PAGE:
Ohhhh noooo, I thought to myself sarcastically when I got the text that my gym would be closing for the foreseeable future. Guess this gives me an excuse for some R and R time. But then, not too long after, boredom struck, and I had no other choice but to force myself through a workout.
However, the equipment-free workouts I found on Pinterest just did not seem to be doing the trick, but with no gym equipment at home I had no other choice. That is, until now. If you are also trying to feel that burn, CHALK spoke with fitness experts about items you can use in place of gym equipment that you probably have laying around your home (or your parents’ home — live your truth).
Bed sheet or towel for arms
To work your upper back muscles, you need to have rowing movements. If you don’t have a rowing machine, you can make your own at home, says Chris Dellasega, owner of Athletic Strength Institute in Lawrence.
Tie a knot in one end of a sheet or towel and wedge that through a door. Then, shut the door. “That gives you a little bit of stability,” Dellasega says.
Milk jugs for weights
Milk jugs “work quite well,” Dellasega says, because of how versatile they are. Use an empty jug (hello, don’t waste your almond milk) and fill it with as much water as you are comfortable with. A gallon milk jug filled to the brim with water is eight pounds, says Scott Smith, certified strength and conditioning specialist and owner of BodySmith Personal Training in Kansas City, Kansas.
Once you find a weight most suitable for your abilities, the jugs can be used for shoulder raises, curls, shoulder presses, flyes, front squats and thrusters, Smith says. Military presses, shoulder lateral raises and squats are additional exercises that can be used with the jugs, Dellasega says.
Cans (paint, food, etc.) for weights
Similar to milk jugs, cans of different sizes can be used for different amounts of weight. Using a can of paint would be a heavier dumbbell replacement, whereas a can of food would be a bit lighter, Smith says.
These cans can be used for the same workouts as the milk jugs, just make sure to use a weight you are most comfortable with.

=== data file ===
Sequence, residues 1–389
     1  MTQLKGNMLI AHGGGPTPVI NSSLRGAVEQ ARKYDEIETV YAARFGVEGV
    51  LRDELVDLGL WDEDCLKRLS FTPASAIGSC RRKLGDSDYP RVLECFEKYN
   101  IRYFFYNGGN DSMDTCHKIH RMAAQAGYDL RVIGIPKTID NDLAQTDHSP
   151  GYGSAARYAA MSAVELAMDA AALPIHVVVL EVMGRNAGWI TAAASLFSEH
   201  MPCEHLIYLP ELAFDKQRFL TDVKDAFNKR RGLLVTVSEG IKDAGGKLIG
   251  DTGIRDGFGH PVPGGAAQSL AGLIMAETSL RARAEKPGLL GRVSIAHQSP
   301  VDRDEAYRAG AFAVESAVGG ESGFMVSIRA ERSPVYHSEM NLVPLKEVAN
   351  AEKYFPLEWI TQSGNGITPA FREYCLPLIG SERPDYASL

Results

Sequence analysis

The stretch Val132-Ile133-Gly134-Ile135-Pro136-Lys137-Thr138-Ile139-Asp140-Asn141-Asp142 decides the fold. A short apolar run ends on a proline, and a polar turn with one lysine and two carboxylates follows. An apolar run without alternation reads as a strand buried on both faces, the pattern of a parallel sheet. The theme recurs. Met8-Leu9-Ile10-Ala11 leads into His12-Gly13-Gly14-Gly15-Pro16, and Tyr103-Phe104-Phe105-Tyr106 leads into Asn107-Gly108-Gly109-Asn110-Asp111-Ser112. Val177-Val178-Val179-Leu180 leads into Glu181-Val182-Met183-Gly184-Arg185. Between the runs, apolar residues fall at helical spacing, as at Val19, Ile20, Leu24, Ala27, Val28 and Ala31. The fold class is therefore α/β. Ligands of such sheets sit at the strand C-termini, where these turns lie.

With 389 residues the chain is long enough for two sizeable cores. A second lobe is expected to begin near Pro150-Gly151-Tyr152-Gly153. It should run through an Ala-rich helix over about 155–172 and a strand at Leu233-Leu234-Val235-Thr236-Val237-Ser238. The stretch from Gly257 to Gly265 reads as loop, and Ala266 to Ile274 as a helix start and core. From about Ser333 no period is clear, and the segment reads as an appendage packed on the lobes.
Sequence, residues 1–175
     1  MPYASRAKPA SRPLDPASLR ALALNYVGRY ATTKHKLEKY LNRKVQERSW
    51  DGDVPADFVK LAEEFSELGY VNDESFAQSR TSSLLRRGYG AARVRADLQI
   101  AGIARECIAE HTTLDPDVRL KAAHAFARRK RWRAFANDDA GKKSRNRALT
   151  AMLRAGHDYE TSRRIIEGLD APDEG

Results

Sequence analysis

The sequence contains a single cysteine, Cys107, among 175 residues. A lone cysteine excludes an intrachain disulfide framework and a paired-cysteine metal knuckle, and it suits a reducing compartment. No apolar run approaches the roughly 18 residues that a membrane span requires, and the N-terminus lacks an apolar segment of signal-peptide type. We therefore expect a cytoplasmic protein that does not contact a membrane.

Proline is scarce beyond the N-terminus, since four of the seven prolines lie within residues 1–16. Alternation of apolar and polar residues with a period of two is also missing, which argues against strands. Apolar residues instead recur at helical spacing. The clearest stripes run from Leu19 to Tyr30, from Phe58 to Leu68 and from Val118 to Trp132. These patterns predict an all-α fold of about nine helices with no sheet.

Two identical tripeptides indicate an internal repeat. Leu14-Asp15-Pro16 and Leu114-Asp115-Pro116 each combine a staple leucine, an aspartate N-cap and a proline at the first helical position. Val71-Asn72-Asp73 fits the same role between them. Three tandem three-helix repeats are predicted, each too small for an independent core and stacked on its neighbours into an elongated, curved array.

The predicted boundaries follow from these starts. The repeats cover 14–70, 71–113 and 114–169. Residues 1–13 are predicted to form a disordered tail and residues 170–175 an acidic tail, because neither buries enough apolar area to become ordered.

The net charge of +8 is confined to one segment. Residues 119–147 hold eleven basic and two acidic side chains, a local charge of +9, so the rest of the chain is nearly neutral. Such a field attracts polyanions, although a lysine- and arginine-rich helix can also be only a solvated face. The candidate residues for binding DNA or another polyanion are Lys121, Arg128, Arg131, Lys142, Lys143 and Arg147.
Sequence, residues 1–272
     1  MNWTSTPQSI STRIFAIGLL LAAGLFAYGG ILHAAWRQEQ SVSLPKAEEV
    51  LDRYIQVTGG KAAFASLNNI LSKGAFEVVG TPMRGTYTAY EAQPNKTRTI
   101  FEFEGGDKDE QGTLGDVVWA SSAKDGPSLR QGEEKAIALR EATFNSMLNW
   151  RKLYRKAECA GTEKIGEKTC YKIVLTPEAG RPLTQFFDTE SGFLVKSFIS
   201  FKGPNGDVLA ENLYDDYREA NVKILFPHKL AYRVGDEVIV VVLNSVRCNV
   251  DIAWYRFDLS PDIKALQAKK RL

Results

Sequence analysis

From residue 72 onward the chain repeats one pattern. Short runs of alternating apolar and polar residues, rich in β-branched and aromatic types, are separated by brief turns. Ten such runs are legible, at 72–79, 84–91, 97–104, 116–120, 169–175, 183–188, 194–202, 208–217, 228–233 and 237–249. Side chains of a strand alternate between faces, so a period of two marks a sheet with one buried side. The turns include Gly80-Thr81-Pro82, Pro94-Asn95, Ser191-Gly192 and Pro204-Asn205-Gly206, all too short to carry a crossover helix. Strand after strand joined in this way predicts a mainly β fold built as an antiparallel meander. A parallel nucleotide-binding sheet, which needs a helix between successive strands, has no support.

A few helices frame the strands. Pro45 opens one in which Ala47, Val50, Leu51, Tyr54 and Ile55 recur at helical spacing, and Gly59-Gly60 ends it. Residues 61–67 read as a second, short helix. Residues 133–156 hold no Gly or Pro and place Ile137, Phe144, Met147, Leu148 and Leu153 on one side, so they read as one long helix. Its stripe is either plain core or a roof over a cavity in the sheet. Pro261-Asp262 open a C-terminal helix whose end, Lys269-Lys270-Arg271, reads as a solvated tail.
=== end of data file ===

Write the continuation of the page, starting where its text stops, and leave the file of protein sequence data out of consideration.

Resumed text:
Chairs for push-ups and hip dips
Chairs are not just for sitting and eating your third takeout meal of the week anymore! Now, grab a kitchen chair and use it as a bench, but first make sure it is sturdy and stable enough, Smith says.
Once you have found a suitable chair, it can be used for multiple workouts, one of them being hip dips. Sit facing away from the chair with your legs straight out in front of you. Place your palms on the end of the seat and extend your arms all the way straight and back down, making sure not to let your butt touch the ground, Smith says.
Chairs can also be used for incline push-ups, Dellasega says, by elevating your upper body onto the chair, or placing your feet on the chair and hands on the floor.
You can also use the chair in place of a box for step-ups if it is at a comfortable height for you.
Step stool or crates for step-ups
If a chair is a bit too tall for you, don’t worry.
Just grab a step stool or crate and use this instead for step-ups, Smith says.
Stairs for cardio
Another option for step-ups (the options are endless!) is to use stairs.
Stairs can also be used for getting your cardio on and doing sprints (whether that’s forwards, backwards, or you can even switch it up and go sideways), Smith says.
Additionally, stairs can be used for calf raises. Stand on the end of a step with your heels hanging off, and extend onto your toes and back down.
Broomstick for barbells
Well, you’ve already swept your entire house three times over, so maybe it’s time to use that broom for something else.
Grab the broom and put it behind your neck, grabbing it with both arms. Then proceed to arch your back and bend forward, and come back up again, Smith says.
Broomsticks can even be used as a replacement for exercise bands by taking a bungee cord and attaching it to an unmovable object, and the other end to the broomstick, Dellasega says.
“The first time using these new pieces of makeshift workout equipment, go easier in terms of weight, rep ranges and sets and see how your body responds,” Smith says.
Your own bodyweight for basically everything
If you don’t have any of these items, there is one thing you absolutely have that you can use: your own bodyweight.
“Really what it comes down to is finding different ways to make bodyweight exercises a little bit more challenging, Dellasega says.
There are so many workouts you can do without equipment that still strengthen your body, Smith says, including squats, squat jumps, wall sits, lunges, split squats, push-ups, floor bridges, floor crunches, planks, prone cobras or superman, side bridges and planks, burpees, knee tuck jumps, jumping jacks, speed skaters and hand stands.
Whew, I’m sweating just writing this!